Sep 11 2014

I've noticed that Atlassian was holding a Summit yesterday. Apparently it was a success with 2100 attendees. That's great to see and I wanted to congratulate them on that!.

As a developer on the XWiki project what sparked my interest were the announcements related to Confluence. Although I haven't viewed the video yet (it wasn't posted when I checked), I've gathered the following from tweets and blog posts I've noticed:

  • New File Collaboration:

     "You’ll be able to share files through Confluence and collaborate on them in much the same way you already do with pages, using @mentions and in-line comments.

  • Real time collaborative editing:

     And it’s not uncommon for two or more people to need to make updates to the same page at the same time. That’s why we’re bringing real-time collaborative editing to Confluence. (yes!) Timeframe for delivery is a bit nebulous at this point, but the dev team is already plugging away on it

  • Inline comments on highlighted text:

     Oh, and in-line commenting? Yeah, that’s coming to Confluence pages in 5.7, too.

These are all very nice features. Actually they're so nice that the XWiki project has been working on them for some time too, some being there for years and some being more recent. So here's how XWiki would compare on those features:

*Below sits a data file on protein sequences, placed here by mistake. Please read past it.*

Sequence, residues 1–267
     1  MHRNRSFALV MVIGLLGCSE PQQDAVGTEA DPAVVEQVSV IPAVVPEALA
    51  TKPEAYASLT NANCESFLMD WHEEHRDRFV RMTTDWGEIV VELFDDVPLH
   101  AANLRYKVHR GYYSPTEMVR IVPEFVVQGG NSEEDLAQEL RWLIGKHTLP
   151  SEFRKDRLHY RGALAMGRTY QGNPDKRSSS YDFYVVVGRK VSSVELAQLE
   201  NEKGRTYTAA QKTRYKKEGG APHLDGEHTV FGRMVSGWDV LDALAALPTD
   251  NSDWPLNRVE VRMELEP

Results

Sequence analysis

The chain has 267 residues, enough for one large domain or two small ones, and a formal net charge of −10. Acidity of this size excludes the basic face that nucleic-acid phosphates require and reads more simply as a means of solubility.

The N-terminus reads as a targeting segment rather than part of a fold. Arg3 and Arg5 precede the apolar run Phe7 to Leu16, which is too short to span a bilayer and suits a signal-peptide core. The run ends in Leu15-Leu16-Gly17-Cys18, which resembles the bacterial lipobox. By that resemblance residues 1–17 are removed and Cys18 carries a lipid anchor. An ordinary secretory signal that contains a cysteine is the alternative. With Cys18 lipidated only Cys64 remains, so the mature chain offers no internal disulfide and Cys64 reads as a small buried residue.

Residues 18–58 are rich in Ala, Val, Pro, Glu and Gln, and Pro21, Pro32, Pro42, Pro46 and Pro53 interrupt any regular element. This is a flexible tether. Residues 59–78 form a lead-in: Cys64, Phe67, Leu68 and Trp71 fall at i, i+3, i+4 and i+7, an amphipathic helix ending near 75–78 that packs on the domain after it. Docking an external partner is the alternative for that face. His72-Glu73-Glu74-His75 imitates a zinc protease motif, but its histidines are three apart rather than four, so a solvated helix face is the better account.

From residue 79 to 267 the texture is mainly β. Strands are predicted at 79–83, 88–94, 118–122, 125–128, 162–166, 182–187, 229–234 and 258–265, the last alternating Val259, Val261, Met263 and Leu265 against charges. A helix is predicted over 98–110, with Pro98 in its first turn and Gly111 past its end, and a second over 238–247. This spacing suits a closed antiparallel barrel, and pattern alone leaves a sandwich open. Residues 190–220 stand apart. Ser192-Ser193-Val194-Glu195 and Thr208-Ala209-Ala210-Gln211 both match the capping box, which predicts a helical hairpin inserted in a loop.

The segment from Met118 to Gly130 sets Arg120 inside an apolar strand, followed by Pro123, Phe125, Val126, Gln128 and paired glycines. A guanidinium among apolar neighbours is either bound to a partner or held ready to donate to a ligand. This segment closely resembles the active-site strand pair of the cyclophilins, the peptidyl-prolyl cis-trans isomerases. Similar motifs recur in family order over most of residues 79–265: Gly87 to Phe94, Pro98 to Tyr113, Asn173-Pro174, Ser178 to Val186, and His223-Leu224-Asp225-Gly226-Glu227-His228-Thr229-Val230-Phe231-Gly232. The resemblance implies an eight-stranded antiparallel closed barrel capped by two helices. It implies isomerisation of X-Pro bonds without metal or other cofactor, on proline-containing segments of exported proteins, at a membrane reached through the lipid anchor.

• File Collaboration. We have a very nice File Manager allowing users to easily import lots of files inside XWiki, manage them inside the wiki. You can comment on files, tag them, add wiki content related to the files, and more.

  • Real time collaboration. We have been working on years on real time collaboration in partnership with Academia (INRIA to be precise). We wanted to have realtime for both the Wiki editor and also the WYSIWYG editor. We've tested various solutions and in the end we've found some algorithms that seem to work well. Thus we now have 2 extensions for Real time:
  • Inline comments. XWiki has had support for Annotations for years now (4 years to be precise), allowing users to select text and put an annotation on that text. You can even reply to annotations and they are resilient to reasonable changes from the highlighted content!

IMO this shows several things:

  • The open source XWiki project is keeping its innovation rate and is still ahead in term of features
  • A small team can do miracles (the XWiki dev team is much smaller than the Confluence one)

Go XWiki, go! emoticon_smile

Created by Vincent Massol on 2014/09/11 10:02
This wiki is licensed under a Creative Commons 2.0 license